The culminating event of the Interactive Phase is the posting of the country’s closing statement, reflecting the final position of each country-team on the four issue areas. Students construct closing arguments, articulating points of agreement and topics where continued work is necessary among the countries participating in the simulation, marking the start of the third phase, Debriefing. The two week Debriefing Phase is designed to promote student metacognitive processes as they review what they learned and how they can apply this new science content knowledge and associated skills in other contexts. The SimCon facilitates a scheduled online debriefing conference with all students in the simulation, exploring issues related to learning outcomes, simulation processes and transfer to other contexts. Teachers also perform debriefing activities promoting metacognition, learning and transfer through educational activities,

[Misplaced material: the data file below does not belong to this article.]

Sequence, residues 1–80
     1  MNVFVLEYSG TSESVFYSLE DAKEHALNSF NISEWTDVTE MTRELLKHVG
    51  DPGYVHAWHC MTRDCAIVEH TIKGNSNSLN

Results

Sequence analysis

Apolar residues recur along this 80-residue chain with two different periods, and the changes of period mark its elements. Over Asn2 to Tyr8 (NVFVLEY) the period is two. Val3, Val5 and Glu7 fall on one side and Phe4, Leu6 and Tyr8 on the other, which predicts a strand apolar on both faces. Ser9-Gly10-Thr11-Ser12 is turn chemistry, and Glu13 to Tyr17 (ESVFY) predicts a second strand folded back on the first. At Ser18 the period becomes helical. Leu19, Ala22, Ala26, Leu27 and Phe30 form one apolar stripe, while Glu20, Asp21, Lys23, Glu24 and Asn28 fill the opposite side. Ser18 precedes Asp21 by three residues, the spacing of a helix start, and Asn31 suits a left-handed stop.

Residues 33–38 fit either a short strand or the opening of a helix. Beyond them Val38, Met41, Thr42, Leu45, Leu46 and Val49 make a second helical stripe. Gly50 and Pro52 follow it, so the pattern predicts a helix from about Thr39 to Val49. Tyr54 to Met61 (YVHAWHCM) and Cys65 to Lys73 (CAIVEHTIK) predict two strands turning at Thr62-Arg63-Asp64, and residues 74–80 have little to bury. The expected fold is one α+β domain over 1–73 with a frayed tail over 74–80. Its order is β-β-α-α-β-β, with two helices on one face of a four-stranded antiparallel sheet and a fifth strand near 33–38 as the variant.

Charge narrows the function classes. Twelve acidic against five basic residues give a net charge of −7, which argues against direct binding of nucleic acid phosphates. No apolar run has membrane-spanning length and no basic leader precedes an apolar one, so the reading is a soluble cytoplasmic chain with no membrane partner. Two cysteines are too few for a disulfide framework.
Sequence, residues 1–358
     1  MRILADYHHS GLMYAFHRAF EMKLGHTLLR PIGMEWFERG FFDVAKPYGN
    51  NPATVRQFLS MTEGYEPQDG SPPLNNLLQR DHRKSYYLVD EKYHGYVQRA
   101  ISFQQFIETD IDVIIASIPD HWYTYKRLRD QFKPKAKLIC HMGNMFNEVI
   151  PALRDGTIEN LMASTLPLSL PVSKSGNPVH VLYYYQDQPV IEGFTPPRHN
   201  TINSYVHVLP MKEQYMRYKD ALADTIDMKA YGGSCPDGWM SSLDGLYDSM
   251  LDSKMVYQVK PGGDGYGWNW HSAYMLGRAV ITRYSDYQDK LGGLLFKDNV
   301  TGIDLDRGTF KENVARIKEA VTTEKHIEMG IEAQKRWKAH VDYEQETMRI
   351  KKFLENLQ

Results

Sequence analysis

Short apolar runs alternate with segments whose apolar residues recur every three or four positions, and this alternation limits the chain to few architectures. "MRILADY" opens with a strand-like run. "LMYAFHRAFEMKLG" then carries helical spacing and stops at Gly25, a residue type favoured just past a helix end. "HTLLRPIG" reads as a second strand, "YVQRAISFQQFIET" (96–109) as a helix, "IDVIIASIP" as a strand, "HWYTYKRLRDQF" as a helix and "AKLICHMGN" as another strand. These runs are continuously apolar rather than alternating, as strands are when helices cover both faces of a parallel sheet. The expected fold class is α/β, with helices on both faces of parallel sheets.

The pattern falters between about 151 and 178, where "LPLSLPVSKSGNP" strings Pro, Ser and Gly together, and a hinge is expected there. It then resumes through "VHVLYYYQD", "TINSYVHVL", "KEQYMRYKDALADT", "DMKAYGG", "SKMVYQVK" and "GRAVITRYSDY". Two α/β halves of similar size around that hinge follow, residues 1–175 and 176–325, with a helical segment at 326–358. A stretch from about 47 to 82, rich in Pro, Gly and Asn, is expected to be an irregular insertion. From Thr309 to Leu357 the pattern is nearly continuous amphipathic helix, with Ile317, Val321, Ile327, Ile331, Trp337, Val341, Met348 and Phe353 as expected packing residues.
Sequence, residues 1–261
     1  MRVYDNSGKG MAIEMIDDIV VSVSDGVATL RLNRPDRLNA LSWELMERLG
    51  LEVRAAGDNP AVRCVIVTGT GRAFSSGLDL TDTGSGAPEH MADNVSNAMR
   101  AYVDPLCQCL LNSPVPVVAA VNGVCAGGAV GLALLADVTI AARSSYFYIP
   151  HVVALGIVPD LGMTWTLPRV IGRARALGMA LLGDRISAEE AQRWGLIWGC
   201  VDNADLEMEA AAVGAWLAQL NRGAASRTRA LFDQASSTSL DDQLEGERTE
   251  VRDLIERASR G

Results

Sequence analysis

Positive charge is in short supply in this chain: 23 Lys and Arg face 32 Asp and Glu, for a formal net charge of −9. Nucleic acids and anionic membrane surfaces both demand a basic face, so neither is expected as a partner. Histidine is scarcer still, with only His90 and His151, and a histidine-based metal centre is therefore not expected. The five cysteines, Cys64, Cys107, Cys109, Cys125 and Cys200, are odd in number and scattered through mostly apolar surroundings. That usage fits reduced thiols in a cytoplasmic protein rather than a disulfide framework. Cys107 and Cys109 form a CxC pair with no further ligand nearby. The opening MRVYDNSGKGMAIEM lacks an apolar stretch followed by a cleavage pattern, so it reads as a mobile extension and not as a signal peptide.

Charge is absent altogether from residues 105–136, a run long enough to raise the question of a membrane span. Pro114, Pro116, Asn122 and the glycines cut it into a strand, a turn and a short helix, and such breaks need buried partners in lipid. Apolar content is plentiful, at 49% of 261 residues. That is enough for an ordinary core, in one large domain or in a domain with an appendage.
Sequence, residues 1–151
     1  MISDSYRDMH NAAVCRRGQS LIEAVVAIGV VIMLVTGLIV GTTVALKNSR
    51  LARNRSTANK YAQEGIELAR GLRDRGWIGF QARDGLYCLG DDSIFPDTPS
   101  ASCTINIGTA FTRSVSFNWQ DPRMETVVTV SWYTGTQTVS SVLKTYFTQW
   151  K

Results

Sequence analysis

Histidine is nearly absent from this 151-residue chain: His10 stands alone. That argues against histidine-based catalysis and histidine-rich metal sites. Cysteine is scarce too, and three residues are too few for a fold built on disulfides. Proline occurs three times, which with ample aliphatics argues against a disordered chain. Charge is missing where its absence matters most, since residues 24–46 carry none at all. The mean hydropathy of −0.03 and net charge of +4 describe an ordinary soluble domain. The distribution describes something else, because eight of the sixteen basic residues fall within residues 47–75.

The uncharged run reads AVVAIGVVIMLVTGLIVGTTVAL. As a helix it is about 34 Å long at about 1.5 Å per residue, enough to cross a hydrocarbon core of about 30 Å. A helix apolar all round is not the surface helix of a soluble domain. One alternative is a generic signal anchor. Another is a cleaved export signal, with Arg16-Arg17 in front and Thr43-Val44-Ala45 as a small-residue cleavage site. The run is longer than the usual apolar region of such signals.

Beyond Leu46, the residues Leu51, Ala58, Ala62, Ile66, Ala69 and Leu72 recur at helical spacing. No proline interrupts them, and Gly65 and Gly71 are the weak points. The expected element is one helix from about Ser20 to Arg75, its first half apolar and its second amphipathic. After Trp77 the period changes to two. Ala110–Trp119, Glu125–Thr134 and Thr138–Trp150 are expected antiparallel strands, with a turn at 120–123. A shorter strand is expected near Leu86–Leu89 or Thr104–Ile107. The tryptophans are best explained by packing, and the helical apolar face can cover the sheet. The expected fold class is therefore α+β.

Between the 2014 and 2017, GE2 will be conducting ten simulations in classrooms across Connecticut and Chicago linking more than 6,000 students in a PBL environment designed to promote educational gains for all students. For more information on the GlobalEd 2 Project, visit: www.globaled.uconn.edu.